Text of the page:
Senior Trooper Marion Bragg said the case was moved into the review process last week and will be passed on to the district attorney’s office after it is reviewed by a patrol supervisor.
“It’s not our goal for it to last this long,” Bragg said, but the crash investigation team for Richmond County is also assigned cases from 25 other counties and was shorthanded last year.
When manpower cannot meet the workload, Bragg said, “it tends to pile up on you.”
He said the team is now fully staffed with six troopers for the first time since 2006.
The wreck on McCombs Road was one of three from Richmond County assigned to the area’s state patrol crash reconstruction team. Altogether, the team opened 55 cases in 2011 and closed 46, while also investigating cases from 2010, according
to the Georgia Department of Public Safety.
Crime lab results from the wreck on McCombs Road were not returned to the crash team until October, the department said.
Michael Perry, 17, and Sarah Riffe, 13, were struck around 8 p.m. March 2 by William Shore, investigators said.
In a recent interview, Perry’s aunt, Sabrina Herndon, knew to the minute how long it’s been since Perry was killed. She is bothered by the lack of any official answers about her nephew’s death.
“What I don’t understand is why there’s other accidents like that and all their stuff has been solved,” she said.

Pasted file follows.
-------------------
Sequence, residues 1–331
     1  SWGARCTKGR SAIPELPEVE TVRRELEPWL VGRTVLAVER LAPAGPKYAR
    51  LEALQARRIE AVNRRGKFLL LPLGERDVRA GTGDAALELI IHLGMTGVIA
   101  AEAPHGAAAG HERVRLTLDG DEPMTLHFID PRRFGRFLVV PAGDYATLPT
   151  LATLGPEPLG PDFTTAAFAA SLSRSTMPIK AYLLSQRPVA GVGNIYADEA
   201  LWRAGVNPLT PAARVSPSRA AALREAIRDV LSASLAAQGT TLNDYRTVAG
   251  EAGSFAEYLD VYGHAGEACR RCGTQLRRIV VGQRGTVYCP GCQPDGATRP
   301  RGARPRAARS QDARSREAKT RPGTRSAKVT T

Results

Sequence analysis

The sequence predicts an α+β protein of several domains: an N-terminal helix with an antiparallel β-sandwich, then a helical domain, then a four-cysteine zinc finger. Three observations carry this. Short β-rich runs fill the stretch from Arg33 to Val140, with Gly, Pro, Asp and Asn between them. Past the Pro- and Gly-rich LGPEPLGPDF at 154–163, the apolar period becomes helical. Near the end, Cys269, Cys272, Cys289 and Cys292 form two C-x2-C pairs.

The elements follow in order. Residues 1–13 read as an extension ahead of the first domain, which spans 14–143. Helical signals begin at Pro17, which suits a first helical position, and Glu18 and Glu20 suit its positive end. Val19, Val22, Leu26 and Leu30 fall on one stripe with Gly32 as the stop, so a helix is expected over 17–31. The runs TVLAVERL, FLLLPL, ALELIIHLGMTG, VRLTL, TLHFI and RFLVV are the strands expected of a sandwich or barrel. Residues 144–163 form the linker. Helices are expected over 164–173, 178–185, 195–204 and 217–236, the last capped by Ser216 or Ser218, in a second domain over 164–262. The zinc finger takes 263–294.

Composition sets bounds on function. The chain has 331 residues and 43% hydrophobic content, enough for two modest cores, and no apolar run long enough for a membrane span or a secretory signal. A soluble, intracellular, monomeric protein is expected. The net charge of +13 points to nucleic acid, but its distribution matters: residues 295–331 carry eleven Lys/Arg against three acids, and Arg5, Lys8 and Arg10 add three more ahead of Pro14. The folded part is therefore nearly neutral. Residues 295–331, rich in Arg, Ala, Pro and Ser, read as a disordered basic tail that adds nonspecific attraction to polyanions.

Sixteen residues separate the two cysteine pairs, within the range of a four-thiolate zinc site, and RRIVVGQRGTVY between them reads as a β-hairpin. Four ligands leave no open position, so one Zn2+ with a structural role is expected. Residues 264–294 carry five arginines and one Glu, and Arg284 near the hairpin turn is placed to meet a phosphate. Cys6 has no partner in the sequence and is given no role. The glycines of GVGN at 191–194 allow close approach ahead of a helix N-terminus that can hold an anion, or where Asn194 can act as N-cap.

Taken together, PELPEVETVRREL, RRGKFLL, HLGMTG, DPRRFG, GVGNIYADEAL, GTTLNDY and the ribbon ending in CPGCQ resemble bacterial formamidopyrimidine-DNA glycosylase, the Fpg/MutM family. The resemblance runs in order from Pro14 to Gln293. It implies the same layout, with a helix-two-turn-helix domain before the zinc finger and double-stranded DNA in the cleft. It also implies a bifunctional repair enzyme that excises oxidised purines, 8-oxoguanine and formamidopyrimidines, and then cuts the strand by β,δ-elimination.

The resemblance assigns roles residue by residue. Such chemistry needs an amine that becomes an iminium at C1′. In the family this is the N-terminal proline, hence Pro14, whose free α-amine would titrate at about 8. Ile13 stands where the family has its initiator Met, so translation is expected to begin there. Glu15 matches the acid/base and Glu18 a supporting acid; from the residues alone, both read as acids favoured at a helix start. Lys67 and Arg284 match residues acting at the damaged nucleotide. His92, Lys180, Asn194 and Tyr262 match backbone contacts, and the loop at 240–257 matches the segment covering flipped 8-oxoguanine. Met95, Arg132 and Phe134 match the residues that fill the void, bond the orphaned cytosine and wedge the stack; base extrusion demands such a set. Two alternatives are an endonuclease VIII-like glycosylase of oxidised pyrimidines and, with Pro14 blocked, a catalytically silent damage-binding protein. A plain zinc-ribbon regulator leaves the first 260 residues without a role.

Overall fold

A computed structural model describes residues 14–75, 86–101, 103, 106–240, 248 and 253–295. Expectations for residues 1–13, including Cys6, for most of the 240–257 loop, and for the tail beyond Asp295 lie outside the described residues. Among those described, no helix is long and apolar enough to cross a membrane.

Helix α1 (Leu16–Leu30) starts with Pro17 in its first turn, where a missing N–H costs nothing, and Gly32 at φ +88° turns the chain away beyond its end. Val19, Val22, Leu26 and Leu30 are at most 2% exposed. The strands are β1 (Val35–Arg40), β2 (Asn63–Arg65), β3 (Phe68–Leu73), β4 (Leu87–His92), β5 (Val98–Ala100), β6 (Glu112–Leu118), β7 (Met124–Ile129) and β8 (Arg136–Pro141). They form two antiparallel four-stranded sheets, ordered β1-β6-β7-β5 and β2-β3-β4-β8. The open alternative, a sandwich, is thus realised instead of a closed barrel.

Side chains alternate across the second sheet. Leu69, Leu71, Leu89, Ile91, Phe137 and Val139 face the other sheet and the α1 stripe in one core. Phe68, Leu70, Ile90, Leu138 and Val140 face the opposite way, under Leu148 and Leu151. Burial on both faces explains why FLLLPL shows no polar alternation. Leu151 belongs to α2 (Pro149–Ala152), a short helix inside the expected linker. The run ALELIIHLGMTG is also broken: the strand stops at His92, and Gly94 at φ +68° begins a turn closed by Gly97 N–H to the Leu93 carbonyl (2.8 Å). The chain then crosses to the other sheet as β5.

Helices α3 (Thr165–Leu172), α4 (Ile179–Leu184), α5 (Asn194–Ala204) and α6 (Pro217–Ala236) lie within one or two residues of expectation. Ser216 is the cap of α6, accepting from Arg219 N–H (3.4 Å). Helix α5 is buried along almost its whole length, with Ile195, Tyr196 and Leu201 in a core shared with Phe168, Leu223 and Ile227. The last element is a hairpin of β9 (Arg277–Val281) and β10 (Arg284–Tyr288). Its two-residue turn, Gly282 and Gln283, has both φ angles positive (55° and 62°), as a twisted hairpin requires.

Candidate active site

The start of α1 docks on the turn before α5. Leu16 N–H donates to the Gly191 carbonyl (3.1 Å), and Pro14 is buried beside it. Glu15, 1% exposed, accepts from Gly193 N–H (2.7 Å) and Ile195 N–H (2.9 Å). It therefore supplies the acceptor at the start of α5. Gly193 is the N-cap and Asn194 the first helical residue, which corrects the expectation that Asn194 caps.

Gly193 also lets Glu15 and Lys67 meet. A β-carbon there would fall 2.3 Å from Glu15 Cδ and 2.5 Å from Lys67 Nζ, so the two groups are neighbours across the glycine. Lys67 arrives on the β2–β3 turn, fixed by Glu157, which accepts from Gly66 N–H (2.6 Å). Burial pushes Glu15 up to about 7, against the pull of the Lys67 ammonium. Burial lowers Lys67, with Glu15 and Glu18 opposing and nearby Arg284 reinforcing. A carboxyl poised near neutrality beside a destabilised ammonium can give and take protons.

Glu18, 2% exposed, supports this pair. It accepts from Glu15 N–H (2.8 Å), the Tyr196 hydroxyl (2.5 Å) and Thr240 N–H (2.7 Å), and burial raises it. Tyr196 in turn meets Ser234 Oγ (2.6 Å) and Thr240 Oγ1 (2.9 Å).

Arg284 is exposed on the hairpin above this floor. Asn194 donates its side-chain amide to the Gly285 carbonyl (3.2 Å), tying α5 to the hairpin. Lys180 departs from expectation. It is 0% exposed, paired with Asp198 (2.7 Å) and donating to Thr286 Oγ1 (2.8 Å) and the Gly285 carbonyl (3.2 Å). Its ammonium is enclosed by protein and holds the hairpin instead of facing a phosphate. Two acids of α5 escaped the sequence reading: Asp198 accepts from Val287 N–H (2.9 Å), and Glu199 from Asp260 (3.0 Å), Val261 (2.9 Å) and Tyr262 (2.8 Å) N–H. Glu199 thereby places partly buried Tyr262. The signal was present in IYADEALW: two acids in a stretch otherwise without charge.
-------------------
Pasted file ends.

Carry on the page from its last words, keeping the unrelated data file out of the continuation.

Perry, Riffe and two other friends were at his grandmother’s home just before the wreck. Bridget Crank remembers with a smile how her grandson and the others were cutting up and toasting each other with wine glasses full of soda. When they left for a friend’s house, Crank was only half-joking when she told them not to sneak back into the house.
“I don’t want any grandbabies,” she said, then added, “And stay off the road.”
Perry was crossing the road with Riffe’s arm linked in his when they were struck by a Jeep Cherokee; they died side by side, witnesses told Herndon.
The TV news image that stands out in her mind from that night is Perry’s single shoe on the road.
Herndon said Perry had issues growing up, but they were overcome by the love shown to him by his aunt and grandmother. He was an energetic teenager who made everyone laugh with his antics, though there was a learning curve.
“He gave me an eye twitch when he first moved in,” Herndon said, laughing.